January 19, 2015
Being from Atlanta I get to claim Martin Luther King, Jr. as my homeboy. I’ve spent a lot of time on Auburn Avenue, and not going to Ebenezer Baptist Church. The Royal Peacock Club was there, where the Supremes and James Brown performed. And the band I managed, Drivin’ N’ Cryin’ too! I was hit by a car on Auburn in front to the Sweet Auburn Rib Shack. I was on my Vespa scooter and sent flying. I ended up at Grady Hospital, now a Walking Dead location.
But before Atlanta, I was from Stone Mountain, Georgia. Our little town was mentioned by Dr. King in his famous 1963 “I Have A Dream” speech, but not because it was awesome. When I was a kid, I thought it was because it was awesome. (Stone Mountain has a giant granite mountain with a lazar show the ends with “Dixie” that I doubt MLK ever saw.) He mentioned my town because it was the birthplace of the modern Ku Klux Klan in 1915. Sad trombone.
Growing up around the Klan was the beginning of my interest in extremism and oppression. As a grad student at Emory University, I chose to go undercover in the late 1980s to study a new racist group, Nazi skinheads. My first study was a 13-month observation of a racist skinhead gang in Orlando, Florida called the O-Town Skins.
Much to my surprise, these rabid bigots were not morons, or bullies (although a few were sociopaths). They were reasonably intelligent kids who just had been given the wrong explanation for why their world was changing. (“It’s the Jews!”) The right explanation had something to do with Ronald Reagan. I would listen to them gripe about The Cosby Show and how this black family had so much more than their own.
I bonded with these guys, drank beer with them, and talked to them about their girl problems. I began to get too close to them and lose my objectivity. So, while I was home on a break from the study, I rode my scooter over to Martin’s tomb on Auburn and sat with him for a while. I wanted to reflect with the man by the cool reflecting pool and remember why I started the project. He once said, “I have decided to stick with love. Hate is too great a burden to bear.” I wanted to understand these skinheads so I could liberate them from their burden of hate. We sat together in the hot Atlanta night and I felt ready to go back into the field.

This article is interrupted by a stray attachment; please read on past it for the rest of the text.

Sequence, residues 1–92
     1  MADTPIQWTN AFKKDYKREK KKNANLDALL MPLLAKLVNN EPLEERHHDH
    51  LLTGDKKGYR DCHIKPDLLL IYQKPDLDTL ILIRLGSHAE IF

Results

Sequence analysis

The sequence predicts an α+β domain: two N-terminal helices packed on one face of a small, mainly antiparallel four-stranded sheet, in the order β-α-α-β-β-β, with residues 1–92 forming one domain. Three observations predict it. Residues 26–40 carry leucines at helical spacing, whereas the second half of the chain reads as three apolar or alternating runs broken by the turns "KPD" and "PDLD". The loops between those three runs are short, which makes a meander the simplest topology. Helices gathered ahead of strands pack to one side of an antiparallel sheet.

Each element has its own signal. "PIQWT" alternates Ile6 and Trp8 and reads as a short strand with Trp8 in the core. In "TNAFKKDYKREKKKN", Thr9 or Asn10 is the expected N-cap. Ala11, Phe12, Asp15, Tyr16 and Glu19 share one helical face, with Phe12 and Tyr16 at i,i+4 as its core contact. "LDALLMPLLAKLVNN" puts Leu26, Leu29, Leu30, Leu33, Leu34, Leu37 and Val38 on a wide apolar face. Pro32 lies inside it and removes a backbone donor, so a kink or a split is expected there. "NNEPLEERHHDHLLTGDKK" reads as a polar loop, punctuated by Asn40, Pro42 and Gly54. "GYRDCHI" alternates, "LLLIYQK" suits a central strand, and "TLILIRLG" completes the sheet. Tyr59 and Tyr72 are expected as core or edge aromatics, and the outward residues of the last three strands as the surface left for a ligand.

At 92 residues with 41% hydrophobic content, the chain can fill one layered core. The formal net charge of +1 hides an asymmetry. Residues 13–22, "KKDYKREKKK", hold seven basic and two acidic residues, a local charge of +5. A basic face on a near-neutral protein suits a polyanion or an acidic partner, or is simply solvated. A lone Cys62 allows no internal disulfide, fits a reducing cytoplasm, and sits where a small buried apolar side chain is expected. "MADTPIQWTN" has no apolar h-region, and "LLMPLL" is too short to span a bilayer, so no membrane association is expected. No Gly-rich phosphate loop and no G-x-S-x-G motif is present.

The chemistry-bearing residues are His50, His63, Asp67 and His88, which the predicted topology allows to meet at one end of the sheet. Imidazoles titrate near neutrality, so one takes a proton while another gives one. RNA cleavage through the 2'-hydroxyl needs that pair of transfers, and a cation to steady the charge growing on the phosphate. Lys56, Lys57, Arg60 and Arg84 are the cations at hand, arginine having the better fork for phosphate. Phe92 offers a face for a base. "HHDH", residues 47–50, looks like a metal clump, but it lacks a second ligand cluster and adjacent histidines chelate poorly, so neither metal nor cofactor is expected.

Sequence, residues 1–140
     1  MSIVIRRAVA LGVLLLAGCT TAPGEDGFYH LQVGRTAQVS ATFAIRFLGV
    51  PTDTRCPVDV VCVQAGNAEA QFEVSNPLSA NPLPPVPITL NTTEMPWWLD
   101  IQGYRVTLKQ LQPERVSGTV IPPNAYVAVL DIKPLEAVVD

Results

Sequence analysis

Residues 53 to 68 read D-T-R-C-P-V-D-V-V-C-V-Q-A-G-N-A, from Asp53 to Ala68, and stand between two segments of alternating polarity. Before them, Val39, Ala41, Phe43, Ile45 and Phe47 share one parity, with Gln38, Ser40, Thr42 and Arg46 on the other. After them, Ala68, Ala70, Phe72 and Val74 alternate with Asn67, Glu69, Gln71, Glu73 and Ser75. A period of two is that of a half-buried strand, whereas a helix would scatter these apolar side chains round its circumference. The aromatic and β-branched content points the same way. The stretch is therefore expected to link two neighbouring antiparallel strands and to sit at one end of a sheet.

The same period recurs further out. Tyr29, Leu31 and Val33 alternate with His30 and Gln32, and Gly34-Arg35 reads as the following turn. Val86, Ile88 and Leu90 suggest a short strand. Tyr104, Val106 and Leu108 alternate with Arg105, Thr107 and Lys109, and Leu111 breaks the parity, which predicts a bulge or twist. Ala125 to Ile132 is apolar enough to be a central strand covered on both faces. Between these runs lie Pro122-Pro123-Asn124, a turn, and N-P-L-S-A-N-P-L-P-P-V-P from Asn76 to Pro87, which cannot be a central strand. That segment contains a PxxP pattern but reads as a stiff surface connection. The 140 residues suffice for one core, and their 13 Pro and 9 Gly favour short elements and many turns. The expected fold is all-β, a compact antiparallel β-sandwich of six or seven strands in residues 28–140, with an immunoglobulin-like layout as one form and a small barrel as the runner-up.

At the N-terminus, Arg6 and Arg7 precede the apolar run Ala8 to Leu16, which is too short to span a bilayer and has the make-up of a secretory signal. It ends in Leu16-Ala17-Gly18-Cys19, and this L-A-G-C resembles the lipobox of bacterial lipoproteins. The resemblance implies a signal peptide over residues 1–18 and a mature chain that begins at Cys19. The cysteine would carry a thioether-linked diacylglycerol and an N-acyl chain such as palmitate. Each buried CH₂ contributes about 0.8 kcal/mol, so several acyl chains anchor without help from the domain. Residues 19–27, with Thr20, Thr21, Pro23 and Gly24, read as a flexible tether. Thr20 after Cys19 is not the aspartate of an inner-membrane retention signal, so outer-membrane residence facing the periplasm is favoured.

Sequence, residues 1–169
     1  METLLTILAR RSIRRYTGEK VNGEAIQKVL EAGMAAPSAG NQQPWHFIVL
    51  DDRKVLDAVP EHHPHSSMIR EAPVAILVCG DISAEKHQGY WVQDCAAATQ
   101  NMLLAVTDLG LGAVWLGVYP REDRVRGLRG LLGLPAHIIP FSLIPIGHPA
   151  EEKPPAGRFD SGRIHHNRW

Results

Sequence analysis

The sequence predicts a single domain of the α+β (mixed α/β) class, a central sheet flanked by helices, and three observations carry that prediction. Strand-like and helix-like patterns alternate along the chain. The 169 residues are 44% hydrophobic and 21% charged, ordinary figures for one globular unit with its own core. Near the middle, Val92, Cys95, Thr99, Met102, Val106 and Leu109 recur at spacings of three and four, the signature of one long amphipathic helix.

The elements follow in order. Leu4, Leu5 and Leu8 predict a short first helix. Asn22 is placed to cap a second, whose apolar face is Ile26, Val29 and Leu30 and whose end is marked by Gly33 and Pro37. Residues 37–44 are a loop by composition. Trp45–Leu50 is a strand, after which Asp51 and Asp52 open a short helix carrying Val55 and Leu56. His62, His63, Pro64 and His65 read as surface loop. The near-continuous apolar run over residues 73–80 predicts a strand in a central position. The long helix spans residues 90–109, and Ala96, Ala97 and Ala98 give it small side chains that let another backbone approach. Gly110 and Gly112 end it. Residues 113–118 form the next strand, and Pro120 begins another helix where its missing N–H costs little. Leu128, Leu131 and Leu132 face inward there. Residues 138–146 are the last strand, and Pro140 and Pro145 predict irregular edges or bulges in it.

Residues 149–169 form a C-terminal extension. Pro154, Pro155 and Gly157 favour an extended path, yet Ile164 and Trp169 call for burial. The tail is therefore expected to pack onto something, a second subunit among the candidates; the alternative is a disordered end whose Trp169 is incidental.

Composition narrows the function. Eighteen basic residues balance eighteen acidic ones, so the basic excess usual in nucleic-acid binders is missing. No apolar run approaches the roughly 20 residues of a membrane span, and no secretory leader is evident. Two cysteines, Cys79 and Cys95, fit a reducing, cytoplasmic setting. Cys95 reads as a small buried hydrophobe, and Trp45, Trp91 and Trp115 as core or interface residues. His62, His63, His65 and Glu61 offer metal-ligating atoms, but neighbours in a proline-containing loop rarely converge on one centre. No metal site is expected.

It was this study that turned me into a feminist. It became clear, as the research progressed, that the racism was just a vehicle for them to perform their masculinity. They saw black men, lesbians and feminists taking “their” white women. And Jews outsourcing “their” manufacturing jobs. And gay men threatening “their” sexual propriety. As the 80s became the 90s, they became obsessed with that “bitch” Hilary Clinton, who signified, to them, the end of the divine right of men. Hateful violence was their defense of their fragile masculinity, not far removed from the rhetoric of the conservative right. Much of this research ended up in my 2001 book with Wayne Wooden, Renegade Kids, Suburban Outlaws.
Martin Luther King’s love ethic is all around. It’s in the philosophies of bell hooks and Cornell West. It’s in the actions of youth outreach workers and gay rights advocates. And it’s in the work I’ve been doing since I interviewed that very first skinhead. Love undoes hate. If you try to understand the hater, including the misogynist, through love, you can turn them toward the light. As Dr. King told us long ago, “Love is the only force capable of transforming an enemy into a friend.”